The film adaptation of Bill Bryson’s A Walk in the Woods was not really expected; the book is good but nothing about it said hit movie. Yet actor Robert Redford was determined to create the folksy depiction of two old men attempting to trek the 2,100-mile Appalachian Trail.
With Redford portraying the main character, Bryson himself, and co-star Nick Nolte depicting his out of shape hiking partner, Katz. In the book, the characters are supposed to be middle-aged. However, in the movie the characters are in their seventies. This adds a different quality to the movie that is light-hearted and the source of some laughs.
When discovering the movie A Walk in the Woods, the name “Robert Redford” immediately draws the attention of the audience. A well known actor, Redford hasn’t been in many films recently, so when the trailers came out for this movie, many were intrigued to see what he had noticeably invested a lot of time into.
After a 10 year production period, the film was released. That’s a long time to have spent on a movie, so it was expected to have complexity to it such as great cinematography and an under-the-surface wit present in the script. Yet the movie didn’t have either. The cinematography is, to say the least, nothing out of the ordinary. It’s just like any other film made in two years. The dialogue mostly induces soft chuckles and a few solid laughs. I found myself laughing when Katz (Nolte) would stumble as they trekked through a trail labeled “only for experienced hikers” because they had no training what-so-ever. It was just a daring yet regrettable decision, which epitomizes the movie entirely.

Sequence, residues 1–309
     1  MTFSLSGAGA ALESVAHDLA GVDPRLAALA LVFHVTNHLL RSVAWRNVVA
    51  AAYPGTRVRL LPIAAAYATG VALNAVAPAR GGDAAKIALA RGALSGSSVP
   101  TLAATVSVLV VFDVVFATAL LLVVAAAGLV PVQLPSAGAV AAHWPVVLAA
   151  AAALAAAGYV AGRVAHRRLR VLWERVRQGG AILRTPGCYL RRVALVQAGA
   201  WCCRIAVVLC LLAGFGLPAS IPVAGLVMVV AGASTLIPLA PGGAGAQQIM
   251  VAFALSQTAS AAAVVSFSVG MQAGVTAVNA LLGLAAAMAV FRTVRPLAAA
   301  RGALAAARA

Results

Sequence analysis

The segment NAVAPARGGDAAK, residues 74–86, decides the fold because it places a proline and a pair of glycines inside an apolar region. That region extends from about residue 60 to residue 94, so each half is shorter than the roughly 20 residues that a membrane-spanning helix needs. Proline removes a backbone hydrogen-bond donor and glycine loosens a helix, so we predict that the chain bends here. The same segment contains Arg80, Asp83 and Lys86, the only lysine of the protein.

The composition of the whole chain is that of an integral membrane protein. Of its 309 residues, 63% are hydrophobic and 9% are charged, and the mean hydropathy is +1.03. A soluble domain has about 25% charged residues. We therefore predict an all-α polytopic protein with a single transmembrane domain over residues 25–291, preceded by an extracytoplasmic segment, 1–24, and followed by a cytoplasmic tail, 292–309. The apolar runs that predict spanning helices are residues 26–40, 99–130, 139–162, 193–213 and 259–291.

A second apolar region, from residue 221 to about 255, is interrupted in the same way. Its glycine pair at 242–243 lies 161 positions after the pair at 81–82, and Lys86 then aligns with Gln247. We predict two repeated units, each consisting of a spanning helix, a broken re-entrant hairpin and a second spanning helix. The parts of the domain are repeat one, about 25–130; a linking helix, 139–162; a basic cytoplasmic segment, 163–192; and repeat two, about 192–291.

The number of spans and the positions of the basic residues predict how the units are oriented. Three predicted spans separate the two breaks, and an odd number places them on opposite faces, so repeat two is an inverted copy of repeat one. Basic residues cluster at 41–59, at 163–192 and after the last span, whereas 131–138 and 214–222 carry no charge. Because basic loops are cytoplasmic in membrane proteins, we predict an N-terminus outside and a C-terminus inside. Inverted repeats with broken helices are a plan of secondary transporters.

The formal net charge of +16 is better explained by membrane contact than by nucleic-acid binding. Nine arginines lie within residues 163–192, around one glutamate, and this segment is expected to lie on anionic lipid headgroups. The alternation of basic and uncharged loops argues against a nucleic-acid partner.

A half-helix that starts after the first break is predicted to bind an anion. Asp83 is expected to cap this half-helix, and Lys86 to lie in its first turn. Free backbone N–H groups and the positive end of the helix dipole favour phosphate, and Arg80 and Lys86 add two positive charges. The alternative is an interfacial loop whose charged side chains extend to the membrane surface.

Overall the movie was fun and light-hearted. I doubt it will be nominated for an Academy Award, but people will probably pay to watch it on pay-per-view. The plot is simple and easy to follow and there are a lot of laughing moments. I would watch it again, but not any time soon; there’s a lot of movies higher on my list.